A surge in attacks by Al Qaeda in Yemen is fuelling fears that allies of Ali Abdullah Saleh, the former president, are using the militant group to undermine his successor and set the stage for his political comeback.
Al Qaeda attacks may offer Saleh a political comeback
SANAA // A surge in attacks by Al Qaeda in Yemen is fuelling fears that allies of Ali Abdullah Saleh, the former president, are using the militant group to undermine his successor and set the stage for his political comeback.
Abdrabu Mansur Hadi, who succeeded Mr Saleh as president, was elected unchallenged in February to lead a two-year transitional government and reform the military. Mr Saleh has not ruled out standing for the next elections in 2014.
At least 29 suspected Al Qaeda militants were killed yesterday in the third day of battle with the army backed by citizen militias in southern Yemen.
The army fired mortar shells at the militant strongholds at Am Ein village, while the civilian militias clashed with the militants in the city of Lawdar, in Abyan province.
Military officials said Al Qaeda leaders in Lawdar, Emad Al Minshibi and Drabish Ahmed Taher, were killed yesterday. Among the slain militants were Saudi, Pakistani and Somali nationals, according to the defence ministry.
About six militants, including a senior leader, were captured yesterday, said an official with the civilian militias.
Residents have joined the army to push out the rebels, who attacked the town on Monday. They took back a key post yesterday.
The militants are receiving reinforcements and the civilian militias have asked for more guns and ammunition.
Military aircraft launched several strikes against the militants and destroyed two of the tanks they had seized after an attack on a military post on Monday.
Suspected US drones launched four strikes, targeting a vehicle for the militants in Am Ein, said local officials. The officials said yesterday evening strikes killed about 12 militants.
They also destroyed checkpoints set by the militants on the regions surrounding Lawder. About 150 people including at least 124 militants have been were killed in Lawdar since Monday, 250km south-east of Sanaa.
Analysts warn the strength of the Al Qaeda surge poses an unprecedented threat to Yemen.
Faris Al Saqqaf, director of the Sanaa-based Future Studies Centre and an expert on Islamist movements, said it will be difficult for Mr Hadi to implement reforms as he confronts rising militant attacks.
"Al Qaeda is manipulating the political and security vacuum as well as the army division to expand its presence on the ground," said Mr Al Saqqaf.
"Al Qaeda wants to seize as much of regions as it can in order to improve its position in negotiating with the central government as Al Qaeda has already shown interest in negotiation with the government to release its prisoners in return to the release of soldiers in captivity."
Saeed Obaid Al Jemhi, an expert on Al Qaeda, disagreed with the notion that Al Qaeda wanted to negotiate.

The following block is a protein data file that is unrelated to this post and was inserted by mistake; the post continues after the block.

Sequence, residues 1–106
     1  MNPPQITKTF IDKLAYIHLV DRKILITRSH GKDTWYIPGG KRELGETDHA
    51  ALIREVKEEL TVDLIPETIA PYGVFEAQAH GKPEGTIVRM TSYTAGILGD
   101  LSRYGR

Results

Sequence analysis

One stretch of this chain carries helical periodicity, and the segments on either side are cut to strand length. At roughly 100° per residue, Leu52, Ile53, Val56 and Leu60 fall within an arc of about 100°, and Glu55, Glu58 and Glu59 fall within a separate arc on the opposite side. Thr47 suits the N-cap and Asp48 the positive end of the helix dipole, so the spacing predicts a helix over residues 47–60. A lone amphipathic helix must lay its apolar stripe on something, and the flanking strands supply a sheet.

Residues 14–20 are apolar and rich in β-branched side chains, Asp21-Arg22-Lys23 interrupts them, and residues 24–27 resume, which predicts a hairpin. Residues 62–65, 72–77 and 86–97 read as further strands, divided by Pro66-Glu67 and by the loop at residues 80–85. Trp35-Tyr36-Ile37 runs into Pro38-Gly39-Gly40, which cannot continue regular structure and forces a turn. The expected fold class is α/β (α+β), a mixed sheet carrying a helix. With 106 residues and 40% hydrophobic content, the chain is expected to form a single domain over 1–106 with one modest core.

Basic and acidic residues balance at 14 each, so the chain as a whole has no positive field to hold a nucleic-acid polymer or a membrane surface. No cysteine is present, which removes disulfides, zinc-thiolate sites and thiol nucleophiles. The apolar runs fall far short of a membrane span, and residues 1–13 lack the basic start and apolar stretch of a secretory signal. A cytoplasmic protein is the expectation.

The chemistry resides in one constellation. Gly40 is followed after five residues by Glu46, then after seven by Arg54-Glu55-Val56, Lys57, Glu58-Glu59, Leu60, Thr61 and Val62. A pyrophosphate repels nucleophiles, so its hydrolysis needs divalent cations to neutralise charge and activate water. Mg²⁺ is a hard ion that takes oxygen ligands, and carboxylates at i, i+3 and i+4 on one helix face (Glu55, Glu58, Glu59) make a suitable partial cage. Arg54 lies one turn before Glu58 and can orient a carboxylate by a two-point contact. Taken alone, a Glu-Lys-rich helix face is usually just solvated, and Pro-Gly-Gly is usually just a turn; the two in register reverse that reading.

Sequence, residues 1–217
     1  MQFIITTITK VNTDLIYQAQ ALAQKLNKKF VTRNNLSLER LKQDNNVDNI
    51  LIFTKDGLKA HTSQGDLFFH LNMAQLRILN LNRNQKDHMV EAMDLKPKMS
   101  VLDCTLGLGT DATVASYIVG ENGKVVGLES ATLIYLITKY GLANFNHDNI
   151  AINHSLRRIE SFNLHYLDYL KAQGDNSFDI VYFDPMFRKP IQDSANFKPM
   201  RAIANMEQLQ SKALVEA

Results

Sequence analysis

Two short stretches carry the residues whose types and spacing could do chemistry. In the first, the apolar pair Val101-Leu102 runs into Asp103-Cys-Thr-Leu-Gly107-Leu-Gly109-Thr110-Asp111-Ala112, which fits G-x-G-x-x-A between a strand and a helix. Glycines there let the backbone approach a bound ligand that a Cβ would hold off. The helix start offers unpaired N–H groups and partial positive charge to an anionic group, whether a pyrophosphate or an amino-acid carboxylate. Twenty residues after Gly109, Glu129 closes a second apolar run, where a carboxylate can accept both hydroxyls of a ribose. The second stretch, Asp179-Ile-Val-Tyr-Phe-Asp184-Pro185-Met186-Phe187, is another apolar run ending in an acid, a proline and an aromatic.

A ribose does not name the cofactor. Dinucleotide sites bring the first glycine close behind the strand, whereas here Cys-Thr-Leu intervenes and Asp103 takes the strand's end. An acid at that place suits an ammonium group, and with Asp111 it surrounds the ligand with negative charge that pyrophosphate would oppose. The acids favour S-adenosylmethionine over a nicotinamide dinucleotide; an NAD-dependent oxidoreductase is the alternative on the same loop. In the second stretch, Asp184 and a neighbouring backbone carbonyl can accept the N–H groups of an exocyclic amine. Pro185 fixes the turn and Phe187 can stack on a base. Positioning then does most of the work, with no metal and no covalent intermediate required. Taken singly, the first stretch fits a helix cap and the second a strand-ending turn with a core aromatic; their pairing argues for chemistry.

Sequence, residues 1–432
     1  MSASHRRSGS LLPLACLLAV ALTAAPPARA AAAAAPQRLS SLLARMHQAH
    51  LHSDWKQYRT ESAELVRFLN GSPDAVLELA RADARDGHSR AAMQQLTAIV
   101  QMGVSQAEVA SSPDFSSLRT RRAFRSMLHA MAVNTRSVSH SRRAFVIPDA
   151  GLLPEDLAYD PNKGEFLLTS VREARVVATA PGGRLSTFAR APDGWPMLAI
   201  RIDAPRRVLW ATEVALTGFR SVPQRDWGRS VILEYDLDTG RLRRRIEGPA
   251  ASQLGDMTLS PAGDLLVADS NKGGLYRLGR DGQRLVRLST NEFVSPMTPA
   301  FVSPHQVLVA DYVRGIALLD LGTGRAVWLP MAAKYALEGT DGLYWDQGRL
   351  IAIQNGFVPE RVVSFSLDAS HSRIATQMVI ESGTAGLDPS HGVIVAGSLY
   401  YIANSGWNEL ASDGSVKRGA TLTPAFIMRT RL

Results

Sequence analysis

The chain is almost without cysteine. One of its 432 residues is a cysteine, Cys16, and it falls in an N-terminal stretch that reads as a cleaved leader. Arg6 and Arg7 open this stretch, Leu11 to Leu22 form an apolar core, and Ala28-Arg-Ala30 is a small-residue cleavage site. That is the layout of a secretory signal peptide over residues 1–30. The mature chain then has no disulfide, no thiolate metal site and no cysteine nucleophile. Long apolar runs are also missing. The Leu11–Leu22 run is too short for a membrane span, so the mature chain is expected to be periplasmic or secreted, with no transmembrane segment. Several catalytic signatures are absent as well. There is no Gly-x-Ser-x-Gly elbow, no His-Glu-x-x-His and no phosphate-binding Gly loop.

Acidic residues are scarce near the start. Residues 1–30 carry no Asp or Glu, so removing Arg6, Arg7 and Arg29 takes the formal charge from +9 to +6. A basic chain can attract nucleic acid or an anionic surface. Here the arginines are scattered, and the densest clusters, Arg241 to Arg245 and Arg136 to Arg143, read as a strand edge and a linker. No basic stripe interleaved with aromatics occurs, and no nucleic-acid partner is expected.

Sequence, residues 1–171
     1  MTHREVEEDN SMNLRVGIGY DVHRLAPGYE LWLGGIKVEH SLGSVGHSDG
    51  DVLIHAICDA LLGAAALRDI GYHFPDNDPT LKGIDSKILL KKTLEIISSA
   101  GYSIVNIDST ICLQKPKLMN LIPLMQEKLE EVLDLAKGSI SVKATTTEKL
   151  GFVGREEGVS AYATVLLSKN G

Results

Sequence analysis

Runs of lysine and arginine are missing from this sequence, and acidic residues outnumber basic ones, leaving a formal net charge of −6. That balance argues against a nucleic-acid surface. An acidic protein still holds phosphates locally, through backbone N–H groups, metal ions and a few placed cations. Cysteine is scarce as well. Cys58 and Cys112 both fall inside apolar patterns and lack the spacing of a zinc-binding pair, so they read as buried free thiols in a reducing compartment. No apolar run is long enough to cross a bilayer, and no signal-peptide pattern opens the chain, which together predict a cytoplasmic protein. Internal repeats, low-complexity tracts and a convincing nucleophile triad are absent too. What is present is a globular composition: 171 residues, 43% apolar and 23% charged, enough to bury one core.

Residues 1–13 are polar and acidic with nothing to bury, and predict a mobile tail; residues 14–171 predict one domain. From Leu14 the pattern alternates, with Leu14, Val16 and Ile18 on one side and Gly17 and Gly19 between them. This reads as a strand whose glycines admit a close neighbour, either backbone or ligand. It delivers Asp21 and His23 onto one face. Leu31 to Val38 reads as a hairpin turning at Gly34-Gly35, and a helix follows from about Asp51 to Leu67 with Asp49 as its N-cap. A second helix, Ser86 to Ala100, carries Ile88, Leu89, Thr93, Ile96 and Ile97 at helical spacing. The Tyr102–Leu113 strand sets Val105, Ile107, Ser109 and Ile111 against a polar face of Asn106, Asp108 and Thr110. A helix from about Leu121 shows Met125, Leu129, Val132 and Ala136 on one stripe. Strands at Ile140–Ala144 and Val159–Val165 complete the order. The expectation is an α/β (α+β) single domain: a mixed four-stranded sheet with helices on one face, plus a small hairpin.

Mr Al Jemhi, an author of a book on Al Qaeda in Yemen, said the surge is due to the recruitment of other Islamist militants who were operating independently and merging them all under the name of Ansar Al Sharia, or the Supporters of Islamic law.
"Al Qaeda empowered the leaders of these groups and made them rulers of their regions like the case in Jaar and Zinjibar in Abyan. By recruiting these militants and unifying them under the one command, Al Qaeda has got now a big number of fighters," Mr Al Jemhi said.
"The surge of attacks against the army troops is a result of the good numbers the terrorist organisation has got now as well as the different sorts of weapons it owns now including tanks.
"Now, we see the response to attacks against the militants comes immediately, unlike the past where Al Qaeda used to take several weeks or months to retaliate against attacks and this is a sign of strength ," Mr Al Jemhi said.
Mr Al Jemhi said that by shifting from western and American strategic targets to fighting the government and its troops, Al Qaeda wants to show that "it is a popular group with heavy presence on the ground rather than being individual militants on the run and here lies the danger, which is that Al Qaeda gains popular sympathy and support among the citizens in the regions they control".
Mr Al Jehmi also said the army morale is low.
The militants last year seized Zinjibar and Jaar, and opposition groups and local citizens accused troops loyal to Mr Saleh of letting the militants control the city and swathes of land in the south to send a message to the West that Al Qaeda would take control if the Saleh regime fell.
Mr Hadi was elected unopposed in February to replace Mr Saleh under a Gulf Cooperation Council-brokered deal in which Mr Saleh handed over power in return for immunity from prosecution.
"There is a mutual interest between the regime of Mr Saleh and the militants for they both seek to halt the political transition," said Mr Al Saqqaf.
"Saleh does not want the army restructuring for it means the removal of his relatives from their key position and the existence of a professional and a unified army is against the interest of Al Qaeda and here their interests meet."
"Keeping the well-trained anti-terrorism forces in Sanaa while they should be in Abyan enhances perception that there is facilitation for the militants' operations," said Mr Al Saqqaf.